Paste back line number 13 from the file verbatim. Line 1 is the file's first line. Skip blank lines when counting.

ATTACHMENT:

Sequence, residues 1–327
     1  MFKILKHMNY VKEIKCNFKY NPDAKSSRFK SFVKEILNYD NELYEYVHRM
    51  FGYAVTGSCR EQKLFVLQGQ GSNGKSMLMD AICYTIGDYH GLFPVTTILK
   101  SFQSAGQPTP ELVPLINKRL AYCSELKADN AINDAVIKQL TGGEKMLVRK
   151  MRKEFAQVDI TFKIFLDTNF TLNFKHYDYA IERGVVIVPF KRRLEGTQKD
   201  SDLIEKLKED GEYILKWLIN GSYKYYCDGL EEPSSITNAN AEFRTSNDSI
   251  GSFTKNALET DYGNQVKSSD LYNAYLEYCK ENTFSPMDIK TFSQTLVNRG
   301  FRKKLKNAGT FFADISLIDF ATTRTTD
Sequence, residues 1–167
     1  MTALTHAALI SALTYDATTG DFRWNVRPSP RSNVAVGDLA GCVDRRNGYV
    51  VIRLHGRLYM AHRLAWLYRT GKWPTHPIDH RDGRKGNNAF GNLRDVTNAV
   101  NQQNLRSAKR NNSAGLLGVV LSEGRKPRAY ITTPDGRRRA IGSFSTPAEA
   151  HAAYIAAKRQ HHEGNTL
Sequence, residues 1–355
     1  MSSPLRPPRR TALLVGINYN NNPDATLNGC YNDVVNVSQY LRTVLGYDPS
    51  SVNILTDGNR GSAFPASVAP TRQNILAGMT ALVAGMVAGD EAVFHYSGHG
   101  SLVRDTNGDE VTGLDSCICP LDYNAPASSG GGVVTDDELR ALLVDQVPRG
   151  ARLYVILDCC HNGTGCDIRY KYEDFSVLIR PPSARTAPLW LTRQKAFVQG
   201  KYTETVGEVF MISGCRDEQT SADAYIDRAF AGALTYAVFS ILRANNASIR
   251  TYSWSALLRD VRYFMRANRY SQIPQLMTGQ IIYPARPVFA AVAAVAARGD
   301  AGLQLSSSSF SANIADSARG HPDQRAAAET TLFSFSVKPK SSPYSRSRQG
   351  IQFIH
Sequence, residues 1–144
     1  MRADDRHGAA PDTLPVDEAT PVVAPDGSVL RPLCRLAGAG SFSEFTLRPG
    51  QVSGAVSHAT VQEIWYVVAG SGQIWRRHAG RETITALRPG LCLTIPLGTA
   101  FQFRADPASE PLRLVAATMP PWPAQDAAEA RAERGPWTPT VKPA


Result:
   151  HAAYIAAKRQ HHEGNTL